Financial Management

As mentioned earlier, the GAO has given the IRS an unqualified (clean) opinion on its financial statements, which is an improvement over FY 1999. However, the GAO continues to report that internal controls at the IRS are not effective, and that the IRS’ financial management systems lack substantial compliance with the Federal Financial Management Improvement Act.

While the IRS was able to produce financial statements that were fairly stated in all material respects using compensating processes, this approach does not produce the reliable, useful, and timely financial and performance information the IRS needs for decision-making on an ongoing basis.

Tax Law Changes

The filing season impacts every American taxpayer and is, therefore, always a highly critical program for the IRS. Many programs, activities, and resources have to be planned and managed effectively for the filing season to be successful. For example, more than 250 computer-programming changes were required for the 2000 Filing Season. These were further complicated by the IRS’ modernization efforts to update and replace its core tax processing systems.

The IRS must confront the challenge of ensuring that telecommunications and system capacity will accommodate the new electronic filing requirements to ensure the accuracy and utility of information received and processed. The IRS had initially planned to validate all secondary Social Security Numbers (SSN) processed during the 2000 Filing Season. However, the IRS subsequently approved computer-programming changes to bypass the validation based on the early volume of returns received.

The IRS also lost $211 million in revenue by failing to stop taxpayers from claiming erroneous child credits for 1998 and 1999. The IRS had not programmed its computer system to properly process changes related to the Child Tax Credit and the Additional Child Tax Credit.

The IRS needs additional procedural and organizational changes to further reduce tax form complexity and taxpayer burden. The IRS currently does not have a toll-free telephone number that would provide individual taxpayers with a convenient method to provide the IRS with tax form improvement comments. In addition, the IRS should strengthen the system of controls over the tax form development process to ensure compliance with Federal internal control standards.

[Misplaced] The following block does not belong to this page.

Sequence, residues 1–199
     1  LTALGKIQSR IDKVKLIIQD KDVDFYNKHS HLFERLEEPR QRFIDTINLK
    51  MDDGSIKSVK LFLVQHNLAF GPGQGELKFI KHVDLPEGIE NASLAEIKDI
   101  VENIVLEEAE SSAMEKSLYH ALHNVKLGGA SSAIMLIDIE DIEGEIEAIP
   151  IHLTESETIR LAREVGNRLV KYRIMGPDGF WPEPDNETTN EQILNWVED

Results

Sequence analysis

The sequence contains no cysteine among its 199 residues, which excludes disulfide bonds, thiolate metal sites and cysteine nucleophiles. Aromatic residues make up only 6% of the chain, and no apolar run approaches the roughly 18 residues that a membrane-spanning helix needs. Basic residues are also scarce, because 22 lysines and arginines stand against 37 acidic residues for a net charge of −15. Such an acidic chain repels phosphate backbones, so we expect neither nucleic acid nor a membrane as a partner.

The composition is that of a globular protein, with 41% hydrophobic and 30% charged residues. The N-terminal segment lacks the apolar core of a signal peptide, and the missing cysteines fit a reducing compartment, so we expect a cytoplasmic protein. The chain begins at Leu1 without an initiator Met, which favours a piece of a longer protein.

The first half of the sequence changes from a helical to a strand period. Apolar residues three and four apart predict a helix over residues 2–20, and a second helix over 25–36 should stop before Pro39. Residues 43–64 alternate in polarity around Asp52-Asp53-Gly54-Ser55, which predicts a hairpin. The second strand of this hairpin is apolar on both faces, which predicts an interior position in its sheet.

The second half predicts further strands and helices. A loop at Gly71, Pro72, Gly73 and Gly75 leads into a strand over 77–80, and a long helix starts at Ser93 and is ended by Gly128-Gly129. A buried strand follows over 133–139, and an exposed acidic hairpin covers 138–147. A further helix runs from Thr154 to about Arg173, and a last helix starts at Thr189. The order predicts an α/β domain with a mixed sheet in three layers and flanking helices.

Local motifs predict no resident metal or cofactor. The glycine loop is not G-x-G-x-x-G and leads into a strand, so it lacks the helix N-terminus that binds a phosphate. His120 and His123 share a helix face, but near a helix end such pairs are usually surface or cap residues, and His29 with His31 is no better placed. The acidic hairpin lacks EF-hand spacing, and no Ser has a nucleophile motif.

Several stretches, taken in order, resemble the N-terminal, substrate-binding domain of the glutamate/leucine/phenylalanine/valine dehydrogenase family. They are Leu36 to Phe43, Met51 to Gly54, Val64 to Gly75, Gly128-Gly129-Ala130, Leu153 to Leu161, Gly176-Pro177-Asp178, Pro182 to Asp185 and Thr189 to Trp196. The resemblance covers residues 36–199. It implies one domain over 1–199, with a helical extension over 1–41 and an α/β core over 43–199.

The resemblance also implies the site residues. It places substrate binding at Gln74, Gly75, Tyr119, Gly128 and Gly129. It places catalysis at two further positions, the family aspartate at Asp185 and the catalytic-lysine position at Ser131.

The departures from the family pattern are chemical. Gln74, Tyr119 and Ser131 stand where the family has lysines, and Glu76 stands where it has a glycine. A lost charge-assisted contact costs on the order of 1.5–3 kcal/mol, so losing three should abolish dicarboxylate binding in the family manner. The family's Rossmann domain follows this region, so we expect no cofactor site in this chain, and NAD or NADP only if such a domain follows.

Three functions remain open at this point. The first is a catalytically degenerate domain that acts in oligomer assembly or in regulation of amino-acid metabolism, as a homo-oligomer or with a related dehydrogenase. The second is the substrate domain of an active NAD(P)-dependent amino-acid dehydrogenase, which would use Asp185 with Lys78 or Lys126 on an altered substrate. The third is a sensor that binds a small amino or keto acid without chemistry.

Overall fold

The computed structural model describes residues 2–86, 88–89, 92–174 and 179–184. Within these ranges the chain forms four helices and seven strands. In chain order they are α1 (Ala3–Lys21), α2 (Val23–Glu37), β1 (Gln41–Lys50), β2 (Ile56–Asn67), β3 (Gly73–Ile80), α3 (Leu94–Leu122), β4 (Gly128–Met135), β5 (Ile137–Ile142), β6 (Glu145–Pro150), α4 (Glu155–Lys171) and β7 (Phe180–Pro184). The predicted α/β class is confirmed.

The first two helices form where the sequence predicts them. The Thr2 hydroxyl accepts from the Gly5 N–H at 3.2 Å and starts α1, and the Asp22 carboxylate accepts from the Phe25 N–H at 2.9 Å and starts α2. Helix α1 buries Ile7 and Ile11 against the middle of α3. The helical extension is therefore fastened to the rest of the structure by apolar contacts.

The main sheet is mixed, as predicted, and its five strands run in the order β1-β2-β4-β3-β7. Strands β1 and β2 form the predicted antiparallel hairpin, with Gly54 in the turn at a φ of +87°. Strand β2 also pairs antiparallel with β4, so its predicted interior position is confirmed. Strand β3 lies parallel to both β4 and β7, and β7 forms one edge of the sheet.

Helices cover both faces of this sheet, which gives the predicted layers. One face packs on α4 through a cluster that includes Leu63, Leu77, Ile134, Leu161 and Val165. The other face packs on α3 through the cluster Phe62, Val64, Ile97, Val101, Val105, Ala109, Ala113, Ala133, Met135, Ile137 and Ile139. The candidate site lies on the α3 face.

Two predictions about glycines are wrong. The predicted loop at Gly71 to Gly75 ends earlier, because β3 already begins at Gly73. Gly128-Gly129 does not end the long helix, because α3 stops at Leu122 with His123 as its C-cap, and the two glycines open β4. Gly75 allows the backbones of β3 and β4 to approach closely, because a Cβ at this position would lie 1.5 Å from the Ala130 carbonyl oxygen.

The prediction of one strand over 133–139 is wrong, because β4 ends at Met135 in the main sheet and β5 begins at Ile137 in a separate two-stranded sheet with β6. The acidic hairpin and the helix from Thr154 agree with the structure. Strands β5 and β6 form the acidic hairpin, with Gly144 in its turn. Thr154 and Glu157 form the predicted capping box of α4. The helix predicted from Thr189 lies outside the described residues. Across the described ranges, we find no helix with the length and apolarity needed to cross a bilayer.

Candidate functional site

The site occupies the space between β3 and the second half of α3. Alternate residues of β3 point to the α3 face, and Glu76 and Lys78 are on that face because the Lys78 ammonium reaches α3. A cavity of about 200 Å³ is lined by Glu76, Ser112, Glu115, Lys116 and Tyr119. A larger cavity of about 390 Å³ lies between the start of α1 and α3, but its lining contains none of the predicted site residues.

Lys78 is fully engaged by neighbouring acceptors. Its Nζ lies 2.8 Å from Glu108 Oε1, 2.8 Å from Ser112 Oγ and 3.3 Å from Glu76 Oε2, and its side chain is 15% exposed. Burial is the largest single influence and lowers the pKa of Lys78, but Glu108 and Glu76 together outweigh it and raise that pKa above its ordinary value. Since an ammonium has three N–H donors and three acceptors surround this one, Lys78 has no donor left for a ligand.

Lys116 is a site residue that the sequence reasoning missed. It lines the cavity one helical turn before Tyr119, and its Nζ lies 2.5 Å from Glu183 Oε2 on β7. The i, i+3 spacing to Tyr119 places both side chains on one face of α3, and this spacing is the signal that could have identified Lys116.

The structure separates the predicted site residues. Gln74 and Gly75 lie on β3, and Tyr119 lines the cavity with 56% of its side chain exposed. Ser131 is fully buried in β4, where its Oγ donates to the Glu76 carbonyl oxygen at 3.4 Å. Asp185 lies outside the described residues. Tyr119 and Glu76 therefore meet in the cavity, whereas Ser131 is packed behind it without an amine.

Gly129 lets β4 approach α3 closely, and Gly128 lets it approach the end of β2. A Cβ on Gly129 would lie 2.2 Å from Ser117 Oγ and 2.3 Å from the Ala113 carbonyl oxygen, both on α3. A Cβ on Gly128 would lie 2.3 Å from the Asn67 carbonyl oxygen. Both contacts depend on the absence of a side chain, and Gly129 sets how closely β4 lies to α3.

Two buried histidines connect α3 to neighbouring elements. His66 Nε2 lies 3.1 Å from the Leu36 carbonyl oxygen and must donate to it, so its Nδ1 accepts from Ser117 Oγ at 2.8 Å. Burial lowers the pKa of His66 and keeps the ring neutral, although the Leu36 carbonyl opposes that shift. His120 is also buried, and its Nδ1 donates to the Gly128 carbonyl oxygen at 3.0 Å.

Customer Service and Tax Compliance Initiatives

The IRS has embarked on a course to re-engineer its business processes and technology to focus on providing world-class service to taxpayers. The theory is that the overall rate of voluntary compliance with the tax laws will increase if the IRS provides the right mix of education and support to taxpayers.

Revenue receipts processed by the IRS increased from $1.5 trillion in FY 1996 to $1.9 trillion in FY 1999. However, revenue collected as a result of compliance activity decreased by $5 billion and gross accounts receivable increased by $41 billion during this same period. IRS management and many stakeholders have been concerned about the reduction in resources allocated to compliance activities and the related decrease in business results. To help address this issue, Treasury’s FY 2001 budget submission included a request for 2,800 new positions over the next 2 fiscal years. These additional resources would be dedicated to enforcing tax laws and improving service to taxpayers.

Decreased enforcement has also been attributed to IRS employees’ concerns over the mandatory termination provision in Section 1203 of the RRA 98. To help address these concerns, TIGTA has continued to brief the IRS staff on investigations related to Section 1203 violations. In addition, TIGTA continues to be dedicated and involved in the IRS’ efforts to comply with the legislative changes required by the RRA 98 through representation on an IRS task force with the focus on Section 1203 processes.

Customer Service

Providing a quality customer service operation remains a top priority for the IRS. Telephone and Internet technology, in particular, afford the IRS many opportunities to dramatically improve its customer service. The IRS has made some strides in its use of such technology. However, inadequate systems design and planning hinder some of these efforts, and put some of them at risk of not being completed when promised.